• Overview – A brief review of the TWOKAM program and what it do for parents/guardians and children.
  • Resources – A listing of practical references and tools to show how parents/guardians can teach their kids about money management. Parents/guardians can access:
    o Activities that can done in your community
    o Games to help kids learn
    o Links on the web
    o Books that have stories about money management
    o References from BMO
    o Craft ideas
    o Movies, Music & TV about money
  • Tips and Suggestions – A collection of money management advice that you can share with children.
  • Helpful Links – An extensive list of links elsewhere on the web dealing with every day issues about money.
  • Contact Us – Parents/guardians can submit their questions and comments.
  • Share Your Stories – An opportunity to share your experiences with your children when it comes to talking about money.

Below is a screenshot of the sample set of advice provided in “Tips and Suggestion” section.


Monnaie Money Financial Literacy Video Contest 2014 Winners

On December 19th, 2014, Monnaie Money announced the winners of the 3rd Annual VC2014Financial Literacy Video Contest. The objective of the contest is to engage youth by providing a platform for them to illustrate their knowledge regarding person financial matters. The following videos were evaluated on:
1 – Originality
2 – Financial literacy message
3 – Overall presentation and relevancy to youth today

1st Place – #NoMoneyMoreProblems by Mags

2nd Place – First Job First Bank Account by JFK High School

3rd Place – Iuliu Pop & Sebastien Philemon

4th Place – Comment être financièrement responsable? By Sarah alias Double XL

5th Place – The Hundred-Dollar Studio By Liam Alexandre and Jeremy Devon

6th Place – Vidéo contest 2014 by CJS

A complete list of videos that were submitted for this year’s contest can be found at the Monnaie Money YouTube Channel and on Vimeo.

On behalf of all contest participants, Monnaie Money would like to thank the following supporting partners:

8 Things That Financial Literacy Can Do For You

November is Financial Literacy Month in Canada  Several organizations across the FLM_logo_Vert_No_Date_rgbcountry are holding various events to promote the importance of financial literacy skills.   From contests to workshops, learning the basic money management skills and being aware of threats to one’s wallet in terms of fraud schemes and scams are essential.   Becoming a better money manager is an investment that you can reap the benefits in the short and long term if you are willing to acquire the necessary skills and remaining informed.

Below are 8 results that can be seen when one selects to become financial literate.

1. Know where your money is coming and going

By creating a monthly budget, you can track your cash flow. From your pay cheque or pension benefits to groceries expenses, your budget will tell you the level of surplus or debt that you must manage. This financial literacy skill will assist you in making decisions such as how much you should put aside in a savings account or reducing expenses to avoid going into further debt.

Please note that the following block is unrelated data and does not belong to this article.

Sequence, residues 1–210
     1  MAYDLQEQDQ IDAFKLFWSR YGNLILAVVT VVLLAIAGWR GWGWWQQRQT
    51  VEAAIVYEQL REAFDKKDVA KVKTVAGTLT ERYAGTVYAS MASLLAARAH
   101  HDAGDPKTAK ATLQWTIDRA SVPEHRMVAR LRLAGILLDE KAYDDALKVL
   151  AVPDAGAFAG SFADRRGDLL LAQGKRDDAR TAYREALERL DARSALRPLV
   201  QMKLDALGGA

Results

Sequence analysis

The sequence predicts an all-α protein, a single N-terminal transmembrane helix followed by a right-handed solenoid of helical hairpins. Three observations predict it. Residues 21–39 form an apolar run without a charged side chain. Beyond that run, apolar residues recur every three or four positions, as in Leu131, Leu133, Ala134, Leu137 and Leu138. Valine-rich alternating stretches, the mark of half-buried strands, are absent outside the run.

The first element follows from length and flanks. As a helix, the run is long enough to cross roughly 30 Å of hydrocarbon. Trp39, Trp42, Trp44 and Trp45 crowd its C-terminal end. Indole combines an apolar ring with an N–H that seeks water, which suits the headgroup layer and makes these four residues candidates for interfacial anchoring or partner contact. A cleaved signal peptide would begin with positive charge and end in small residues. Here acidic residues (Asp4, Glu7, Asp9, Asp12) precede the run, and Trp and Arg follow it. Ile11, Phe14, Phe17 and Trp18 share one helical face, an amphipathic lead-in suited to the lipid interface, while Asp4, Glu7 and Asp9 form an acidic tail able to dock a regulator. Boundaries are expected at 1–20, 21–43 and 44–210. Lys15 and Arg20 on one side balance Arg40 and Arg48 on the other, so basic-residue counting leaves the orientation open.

2. Control your spending

Using a credit card to go shopping can be dangerous. Credit cards can prompt you to spend money that may not have in the bank. By being aware of your access to credit and interest rates, you can control your spending knowing the short and long term consequences of going into debt. Instead of using a credit card, you may select to use your debit card or cash to shop.

3. Prepare for your financial future

Do you have plans to buy a house? Would you like to retire comfortably? The financial literacy skill of long term saving is essential. Knowing how much to save per month and types of investment tools that are available to you is a responsibility that must be taken seriously and requires discipline. For young individuals, financial literacy will instruct you to start saving and investing early to benefit from compound interest over a long period time. Middle-age individuals will have the ability to shelter their money from taxes and retired individuals should be able to reduce debt levels and better manage funds given increasing household expenses.

4. Manage your debt

One of the major needs for financial literacy is dealing with debt. From avoiding the use of debt (i.e., credit cards, personal loans, etc.) to understanding interest payments, being able to deal with debt can make life easier from a personal finance point of view.

5. Increase your awareness of potential fraud

Fraud prevention is an aspect of financial literacy. In order to protect yourself from financial fraud, it is wise to be aware of the common and prevailing approaches that fraudsters gain access to your personal and banking information. March is Fraud Prevention Month, when the Competition Bureau of Canada executes their campaign to share tips to avoid fraud of all kinds.

6. Have your money work for you

Want to have your money work for you? If so, then it is time to become more informed on the different types of investment avenues for your needs. By understanding the different options and respective their benefits and pitfalls, you can decide where to put your money to watch it grow over time.

7. How to best use credit

We all have access to credit in different forms such as credit cards, personal loans and mortgages which entails incurring debt. To avoid the difficulties that are linked to going to debt via using credit, it is best to have the skills to know the best situations to use credit and sound strategies to pay back money with the least amount of interest.

8. Understand how banks work